Suddenly, the player has a halogen bulb moment: Maybe I don't need to know more names? Maybe I only have to pretend? Maybe I just need to anticipate the rules of the names? The trick to winning the game is to figure out the words. After all, it is just a little boy or rather a little program that thinks like a little boy. The next name named would only have to sound like, to parse like a real dinosaur name. The player types say stupidosaurus to boy. It works: "Georgie looks puzzled, as if he hasn't heard that name before. He sputters for a moment, perhaps confused by the novel name, apparently finding it difficult to think." Georgie replies, "Oh yeah? Ankylosaur!" The solution is in the arbitrariness, the predictability of the word. Montfortosaurus yields Deinonychus. Givemeyourdinosaurus yields Cotylosaurus. Eventually, after ten rounds, Georgie gives up. He surrenders the toy dinosaur, runs through the difficult difficult difficult door, and leaves the house forever. All the while, the little robotic puppy quips "Your Momma" insults.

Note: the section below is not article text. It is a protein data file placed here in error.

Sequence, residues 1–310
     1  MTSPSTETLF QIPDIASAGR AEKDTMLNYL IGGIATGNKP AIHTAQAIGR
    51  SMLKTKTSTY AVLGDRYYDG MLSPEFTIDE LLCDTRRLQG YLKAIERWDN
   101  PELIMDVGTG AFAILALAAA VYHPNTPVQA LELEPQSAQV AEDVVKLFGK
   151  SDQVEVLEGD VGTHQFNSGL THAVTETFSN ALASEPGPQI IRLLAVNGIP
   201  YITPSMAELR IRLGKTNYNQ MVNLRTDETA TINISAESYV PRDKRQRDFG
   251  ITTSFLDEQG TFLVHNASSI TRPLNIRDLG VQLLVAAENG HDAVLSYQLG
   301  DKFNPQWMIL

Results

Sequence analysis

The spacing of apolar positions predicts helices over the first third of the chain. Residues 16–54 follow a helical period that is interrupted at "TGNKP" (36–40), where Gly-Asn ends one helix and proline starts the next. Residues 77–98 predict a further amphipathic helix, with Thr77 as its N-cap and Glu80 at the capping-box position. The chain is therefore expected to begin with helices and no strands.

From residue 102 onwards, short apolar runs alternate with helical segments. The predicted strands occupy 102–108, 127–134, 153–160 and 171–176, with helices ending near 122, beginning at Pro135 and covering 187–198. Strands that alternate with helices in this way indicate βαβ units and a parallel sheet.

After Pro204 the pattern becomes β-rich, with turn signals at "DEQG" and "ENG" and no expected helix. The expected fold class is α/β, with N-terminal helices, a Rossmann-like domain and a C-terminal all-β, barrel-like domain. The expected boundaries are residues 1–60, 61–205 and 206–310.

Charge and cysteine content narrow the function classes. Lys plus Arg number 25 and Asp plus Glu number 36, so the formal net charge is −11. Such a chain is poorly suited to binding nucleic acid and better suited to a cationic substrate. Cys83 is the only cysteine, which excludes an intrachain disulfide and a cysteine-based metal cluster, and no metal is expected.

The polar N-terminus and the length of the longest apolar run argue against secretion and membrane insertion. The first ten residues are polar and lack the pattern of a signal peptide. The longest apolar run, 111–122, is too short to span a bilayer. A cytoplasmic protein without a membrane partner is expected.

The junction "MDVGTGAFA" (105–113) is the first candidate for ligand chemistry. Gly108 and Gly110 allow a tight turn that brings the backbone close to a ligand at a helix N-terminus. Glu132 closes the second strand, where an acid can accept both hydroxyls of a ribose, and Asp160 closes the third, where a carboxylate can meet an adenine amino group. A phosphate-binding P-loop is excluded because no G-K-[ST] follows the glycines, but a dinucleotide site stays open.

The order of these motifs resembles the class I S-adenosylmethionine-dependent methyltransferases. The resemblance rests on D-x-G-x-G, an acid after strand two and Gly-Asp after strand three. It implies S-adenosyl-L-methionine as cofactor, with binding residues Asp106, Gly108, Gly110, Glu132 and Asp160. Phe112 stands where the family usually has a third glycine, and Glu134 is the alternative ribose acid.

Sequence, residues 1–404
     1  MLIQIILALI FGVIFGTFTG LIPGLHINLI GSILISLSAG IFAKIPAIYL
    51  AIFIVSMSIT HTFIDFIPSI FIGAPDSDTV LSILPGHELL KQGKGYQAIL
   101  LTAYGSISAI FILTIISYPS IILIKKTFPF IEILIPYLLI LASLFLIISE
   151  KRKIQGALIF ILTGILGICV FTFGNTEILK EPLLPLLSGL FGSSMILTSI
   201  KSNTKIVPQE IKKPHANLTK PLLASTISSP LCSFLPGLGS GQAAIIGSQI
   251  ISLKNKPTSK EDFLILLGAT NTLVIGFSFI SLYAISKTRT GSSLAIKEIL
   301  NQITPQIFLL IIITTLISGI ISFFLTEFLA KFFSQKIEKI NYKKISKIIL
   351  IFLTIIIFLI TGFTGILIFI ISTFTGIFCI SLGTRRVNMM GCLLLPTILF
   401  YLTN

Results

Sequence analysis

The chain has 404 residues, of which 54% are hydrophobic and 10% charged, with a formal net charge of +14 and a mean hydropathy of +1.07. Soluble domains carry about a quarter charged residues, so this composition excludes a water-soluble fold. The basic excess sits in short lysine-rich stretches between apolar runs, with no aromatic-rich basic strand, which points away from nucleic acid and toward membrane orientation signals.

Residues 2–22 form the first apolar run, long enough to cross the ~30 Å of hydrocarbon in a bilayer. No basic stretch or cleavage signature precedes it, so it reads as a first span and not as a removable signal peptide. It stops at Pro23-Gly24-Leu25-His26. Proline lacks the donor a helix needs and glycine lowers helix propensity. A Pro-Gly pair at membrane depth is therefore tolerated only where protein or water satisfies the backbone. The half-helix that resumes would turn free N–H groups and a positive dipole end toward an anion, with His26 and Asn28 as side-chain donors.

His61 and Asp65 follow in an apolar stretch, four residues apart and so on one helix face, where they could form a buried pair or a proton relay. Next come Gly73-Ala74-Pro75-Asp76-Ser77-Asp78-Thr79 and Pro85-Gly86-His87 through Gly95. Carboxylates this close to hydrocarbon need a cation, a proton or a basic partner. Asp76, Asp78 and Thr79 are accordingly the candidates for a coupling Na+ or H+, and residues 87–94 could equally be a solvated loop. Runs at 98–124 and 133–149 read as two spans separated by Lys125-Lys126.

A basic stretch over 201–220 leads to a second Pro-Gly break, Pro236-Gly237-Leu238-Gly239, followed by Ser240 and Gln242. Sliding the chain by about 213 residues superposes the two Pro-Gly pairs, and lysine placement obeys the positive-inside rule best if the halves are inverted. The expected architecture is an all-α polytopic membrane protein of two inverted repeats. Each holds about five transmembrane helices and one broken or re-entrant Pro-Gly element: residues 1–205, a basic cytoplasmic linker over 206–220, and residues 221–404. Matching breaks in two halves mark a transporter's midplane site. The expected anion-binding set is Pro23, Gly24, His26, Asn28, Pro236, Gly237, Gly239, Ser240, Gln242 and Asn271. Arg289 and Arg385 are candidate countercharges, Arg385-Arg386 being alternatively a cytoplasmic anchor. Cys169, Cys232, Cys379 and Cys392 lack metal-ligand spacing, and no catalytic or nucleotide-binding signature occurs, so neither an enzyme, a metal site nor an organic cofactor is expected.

Command of the language, in the end, wins out. It is through language, through words, that the player and the text adventurer finally finish the job. Mapping the multi-dimensionality of words is the key to unlocking Ad Verbum. Fifteen rooms, thirteen items, a handful of curious characters, and a hundred or so moves later, the dumpster is full and the mansion is clear. The last descriptive paragraph reads, "You place the last loose object into the Dumpster and feel a rush of triumph. In a while, no doubt, the contractor will show up and pay for your labor. In the meantime, you'll stand around and wonder how you could have gotten that last point." The last screen shows emphatically:

*** You have won ***

In that game, you scored 99 out of a possible 100 points, in 119 turns.

Perhaps the final point is realizing that Ad Verbum is a short but satisfying romp through the "twisty little passages" of language.


Montfort, Nick. Ad Verbum. March 2004. April 2004. http://nickm.com/if/adverbum.html.

(c) 2004 Edmond Y. Chang